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Letter to the Editor: Defense for ASD and PLCs

Posted: Tuesday, Mar 12th, 2013




I have been reading comments about the proposed 2013-2014 Alamosa School District’s school schedule from parents and of course Lance Hostetler’s pearls of wisdom (more on Lance later). Why should the district conduct Professional Learning Communities (PLCs)? The simple answer is: they work to generate positive growth in student achievement.

One of the components of the much maligned No Child Left Behind legislation was the focus on research based interventions, programs and strategies. This phrase was later modified to evidence based. PLCs are strongly supported by research to impact student achievement and increase the effectiveness of teachers and instruction.

In PLCs educators meet to collaborate on student assessment data and develop a response to become more effective in their instructional approaches. The response could address the needs of specific students or specific groups of students. The response may address changes in instructional strategies, instructional programs and materials or scheduling structures. The response may indicate needed professional development for some instructors.

The net benefit of PLCs is the increased effectiveness of classroom teachers and their capacity to deliver effective instruction. The research also overwhelmingly demonstrates that the greatest contributor to student achievement is effective instruction and effective teachers.

Two different meta-analysis of research on the factors that impact student achievement found that the quality of instruction students receive in their classrooms is the most important variable in student achievement (Hattie, 2009; Marzano, 2003). “The quality of an education system cannot exceed the quality of its teachers” (Barber & Mourish, 2007, p. 4)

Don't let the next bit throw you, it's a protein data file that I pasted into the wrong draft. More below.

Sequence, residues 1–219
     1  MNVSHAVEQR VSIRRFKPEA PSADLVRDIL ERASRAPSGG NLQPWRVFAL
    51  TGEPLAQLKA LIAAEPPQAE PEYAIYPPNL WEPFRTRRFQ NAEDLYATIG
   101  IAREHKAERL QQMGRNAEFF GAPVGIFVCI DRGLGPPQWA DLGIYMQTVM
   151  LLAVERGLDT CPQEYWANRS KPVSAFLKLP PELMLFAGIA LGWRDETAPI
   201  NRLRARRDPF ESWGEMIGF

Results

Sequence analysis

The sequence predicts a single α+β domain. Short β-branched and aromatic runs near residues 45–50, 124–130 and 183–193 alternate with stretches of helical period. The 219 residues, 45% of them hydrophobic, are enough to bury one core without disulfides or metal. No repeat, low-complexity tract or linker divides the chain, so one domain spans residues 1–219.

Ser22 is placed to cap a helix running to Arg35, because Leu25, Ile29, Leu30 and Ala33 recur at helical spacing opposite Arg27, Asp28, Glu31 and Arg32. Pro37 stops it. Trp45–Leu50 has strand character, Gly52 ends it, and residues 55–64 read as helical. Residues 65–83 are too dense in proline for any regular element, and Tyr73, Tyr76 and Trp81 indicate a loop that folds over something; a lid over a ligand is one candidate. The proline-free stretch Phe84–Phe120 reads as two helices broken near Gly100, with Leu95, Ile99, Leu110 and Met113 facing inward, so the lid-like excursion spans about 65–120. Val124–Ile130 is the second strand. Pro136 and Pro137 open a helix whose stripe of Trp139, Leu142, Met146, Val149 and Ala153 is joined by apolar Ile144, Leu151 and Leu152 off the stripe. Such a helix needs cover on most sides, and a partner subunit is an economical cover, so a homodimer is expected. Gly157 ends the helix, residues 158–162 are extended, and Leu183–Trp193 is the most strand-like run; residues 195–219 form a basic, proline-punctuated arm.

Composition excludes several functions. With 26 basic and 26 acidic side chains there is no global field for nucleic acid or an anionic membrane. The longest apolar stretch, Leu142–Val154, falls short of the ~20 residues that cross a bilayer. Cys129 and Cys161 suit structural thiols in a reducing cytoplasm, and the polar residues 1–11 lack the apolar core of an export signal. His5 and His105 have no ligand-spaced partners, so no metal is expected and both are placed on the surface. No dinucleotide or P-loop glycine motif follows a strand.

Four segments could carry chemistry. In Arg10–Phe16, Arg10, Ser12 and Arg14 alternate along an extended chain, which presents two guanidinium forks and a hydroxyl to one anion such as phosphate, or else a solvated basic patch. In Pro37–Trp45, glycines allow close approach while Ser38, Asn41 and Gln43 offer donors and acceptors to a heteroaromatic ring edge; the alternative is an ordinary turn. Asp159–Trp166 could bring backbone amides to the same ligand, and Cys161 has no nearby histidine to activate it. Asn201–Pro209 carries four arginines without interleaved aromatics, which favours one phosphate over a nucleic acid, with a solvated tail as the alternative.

The issue of contention seems to be between contact time and release time for PLCs. Although contact time is an important consideration and can be addressed in several ways including classroom pacing and daily routine scheduling. Clearly the schedule provides for at least the minimum required hours of contact time for both elementary and secondary as dictated by the state. The question becomes simply are the interest of the students’ academic performance best served for the block of contact time by teachers who are more effective (the benefit of PLCs) or by teachers who are less effective because of not having PLCs?

Most of my professional career in education I have served as a school administrator. I understand that it is often difficult for school administrators to be defensive because of the expectation that you must be nice. Since I am a retired school administrator, I no longer have to be nice.

From 2006 until retiring in 2010 I served as Professional Development Coordinator and Gifted Education Coordinator with San Luis Valley Board of Cooperative Services (SLV BOCES). Since the Alamosa School District and the BOCES have a partnership relationship, I had the opportunity and the privilege of working with the Alamosa administration many times, not only in my specific responsibility areas, but also on many of their committees. During that time I was able to get to know the current administrators very well and also know many of the teachers.